27. The method as claimed in claim 26, wherein the copying comprises mirroring frequencies.

28. The method as claimed in claim 25, wherein the mixing of the input signal with the synthetic signal is interrupted if a non-linear characteristic of the hearing device is detected.

29. The method as claimed in claim 25, wherein a spectral envelope of the mixed input signal is corrected by a linear predictive coding analysis.

30. The method as claimed in claim 25, wherein the input signal is mixed with the synthetic signal immediately before outputting to an output converter.

31. The method as claimed in claim 25, wherein the input signal is further processed and the synthetic signal is mixed with the further processed input signal.

32. A hearing device to be worn by a user, comprising: a signal input unit that receives an input signal; a reduction unit that reduces a spectral component of the input signal; and a mixing unit that mixes the reduced spectral component with a synthetic signal so that an output signal of the mixed input signal substantially corresponds to an output signal of the input signal before the reduction.

33. The hearing device as claimed in claim 32, wherein the input signal has a limited frequency range.

34. The hearing device as claimed in claim 33, wherein the mixing unit mixes the input signal with a further synthetic signal to extend the frequency range of the input signal.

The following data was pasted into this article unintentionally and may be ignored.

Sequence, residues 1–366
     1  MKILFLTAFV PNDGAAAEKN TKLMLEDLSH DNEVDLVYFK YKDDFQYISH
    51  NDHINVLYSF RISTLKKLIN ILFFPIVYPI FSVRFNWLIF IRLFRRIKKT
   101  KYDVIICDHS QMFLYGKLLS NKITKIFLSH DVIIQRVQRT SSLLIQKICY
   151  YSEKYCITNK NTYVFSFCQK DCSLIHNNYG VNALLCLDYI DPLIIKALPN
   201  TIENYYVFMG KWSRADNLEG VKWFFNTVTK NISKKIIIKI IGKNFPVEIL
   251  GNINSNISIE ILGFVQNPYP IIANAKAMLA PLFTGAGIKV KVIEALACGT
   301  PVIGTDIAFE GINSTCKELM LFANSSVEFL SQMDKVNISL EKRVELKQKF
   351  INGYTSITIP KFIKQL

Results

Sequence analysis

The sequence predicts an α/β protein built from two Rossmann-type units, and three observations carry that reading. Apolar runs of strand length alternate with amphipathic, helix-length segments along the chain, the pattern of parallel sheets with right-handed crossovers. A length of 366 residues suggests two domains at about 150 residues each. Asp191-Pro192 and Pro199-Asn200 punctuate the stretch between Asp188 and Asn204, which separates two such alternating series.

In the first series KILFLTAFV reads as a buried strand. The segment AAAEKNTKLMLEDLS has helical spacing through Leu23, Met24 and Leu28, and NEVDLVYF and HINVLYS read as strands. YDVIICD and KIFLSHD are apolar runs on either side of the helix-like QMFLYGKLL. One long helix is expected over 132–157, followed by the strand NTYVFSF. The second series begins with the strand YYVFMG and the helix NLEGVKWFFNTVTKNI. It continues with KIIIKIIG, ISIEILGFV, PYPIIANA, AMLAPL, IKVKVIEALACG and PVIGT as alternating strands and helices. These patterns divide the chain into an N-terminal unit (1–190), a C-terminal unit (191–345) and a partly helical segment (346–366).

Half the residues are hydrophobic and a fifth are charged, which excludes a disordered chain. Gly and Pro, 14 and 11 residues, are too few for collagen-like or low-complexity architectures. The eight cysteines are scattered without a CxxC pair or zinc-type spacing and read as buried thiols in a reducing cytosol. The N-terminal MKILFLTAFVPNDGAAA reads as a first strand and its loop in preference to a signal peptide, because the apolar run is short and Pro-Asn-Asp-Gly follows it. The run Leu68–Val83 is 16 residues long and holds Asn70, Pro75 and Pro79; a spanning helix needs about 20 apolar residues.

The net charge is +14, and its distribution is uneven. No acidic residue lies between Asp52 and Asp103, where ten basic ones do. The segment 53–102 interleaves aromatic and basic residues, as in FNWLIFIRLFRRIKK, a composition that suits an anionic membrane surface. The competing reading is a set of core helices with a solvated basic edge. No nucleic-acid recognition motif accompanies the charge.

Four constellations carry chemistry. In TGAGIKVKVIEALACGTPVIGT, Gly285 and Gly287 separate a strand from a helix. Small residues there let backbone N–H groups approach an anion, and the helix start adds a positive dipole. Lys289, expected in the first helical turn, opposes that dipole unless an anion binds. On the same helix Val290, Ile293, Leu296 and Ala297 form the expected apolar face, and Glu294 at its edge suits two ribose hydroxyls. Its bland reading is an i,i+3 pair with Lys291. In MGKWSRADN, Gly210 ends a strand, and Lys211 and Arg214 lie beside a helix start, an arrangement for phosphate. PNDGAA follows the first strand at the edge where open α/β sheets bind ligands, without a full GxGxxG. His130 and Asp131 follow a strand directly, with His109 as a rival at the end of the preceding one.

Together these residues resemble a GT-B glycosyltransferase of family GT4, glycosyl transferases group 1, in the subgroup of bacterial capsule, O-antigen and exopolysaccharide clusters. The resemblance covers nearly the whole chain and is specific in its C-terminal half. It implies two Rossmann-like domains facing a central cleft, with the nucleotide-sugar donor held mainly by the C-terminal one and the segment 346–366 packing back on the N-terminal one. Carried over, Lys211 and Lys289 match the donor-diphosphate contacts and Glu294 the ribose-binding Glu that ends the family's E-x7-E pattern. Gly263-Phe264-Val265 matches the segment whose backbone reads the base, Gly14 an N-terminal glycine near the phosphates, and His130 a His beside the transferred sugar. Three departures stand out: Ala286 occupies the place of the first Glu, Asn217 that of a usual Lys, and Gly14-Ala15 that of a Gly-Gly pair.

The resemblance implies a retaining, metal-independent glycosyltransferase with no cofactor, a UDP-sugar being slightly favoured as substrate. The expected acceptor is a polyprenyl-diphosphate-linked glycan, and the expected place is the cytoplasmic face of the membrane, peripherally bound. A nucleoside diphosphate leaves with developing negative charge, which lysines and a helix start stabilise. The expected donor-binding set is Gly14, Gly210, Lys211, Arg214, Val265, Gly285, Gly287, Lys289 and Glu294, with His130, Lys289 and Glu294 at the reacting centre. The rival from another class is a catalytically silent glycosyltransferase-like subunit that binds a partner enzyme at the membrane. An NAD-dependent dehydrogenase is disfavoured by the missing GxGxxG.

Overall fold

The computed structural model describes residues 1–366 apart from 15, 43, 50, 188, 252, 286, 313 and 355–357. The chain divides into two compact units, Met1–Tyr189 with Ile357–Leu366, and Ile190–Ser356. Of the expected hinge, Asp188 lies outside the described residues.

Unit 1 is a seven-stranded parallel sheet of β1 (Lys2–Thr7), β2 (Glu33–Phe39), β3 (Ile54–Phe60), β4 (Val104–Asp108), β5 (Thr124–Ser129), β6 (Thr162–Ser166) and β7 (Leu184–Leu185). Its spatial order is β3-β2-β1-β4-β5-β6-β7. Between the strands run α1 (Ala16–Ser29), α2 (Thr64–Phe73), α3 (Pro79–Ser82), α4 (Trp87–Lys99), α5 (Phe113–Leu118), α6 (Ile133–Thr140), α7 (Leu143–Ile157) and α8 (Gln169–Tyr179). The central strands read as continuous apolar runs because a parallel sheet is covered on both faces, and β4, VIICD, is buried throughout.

35. The hearing device as claimed in claim 34, wherein the input signal is further processed before mixing.

36. The hearing device as claimed in claim 35, wherein the mixing unit mixes the further processed input signal with the further synthetic signal to extend the frequency range of the input signal.

Description:

CROSS REFERENCE TO RELATED APPLICATIONS

This application claims priority of German application No. 10 2006 020 832.3 filed May 4, 2006, which is incorporated by reference herein in its entirety.

FIELD OF THE INVENTION

The present invention relates to a method for suppressing feedback whistle in hearing devices and a method for spectral extension an input signal having a limited frequency range in a hearing device. Moreover, the present invention relates to corresponding hearing devices.

BACKGROUND OF THE INVENTION

In acoustic systems and, in particular, in hearing aids with at least one input (for example a microphone) and at least one output (for example an earpiece) there is the risk of acoustic feedback. With sufficiently high amplification, the system starts to oscillate which is made noticeable by whistling.

Until now, the feedback whistle could, for example, be suppressed by so-called notch filters. With this approach, the loop gain is lowered at the frequency at which feedback whistle might occur. By means of this lowering, the amplitude condition for feedback whistle is no longer fulfilled.

A further possibility for suppressing feedback whistle is to carry out a corresponding signal compensation. With this feedback compensation approach, the feedback path is digitally simulated and its effect is compensated. These approaches for feedback reduction may, however, markedly corrupt the output signal audibly, in particular if the input stage of the acoustic system is only designed for a small spectral bandwidth.

Acoustic systems with a narrow-band input stage further have the drawback that the acoustic quality of the output signal is generally correspondingly low.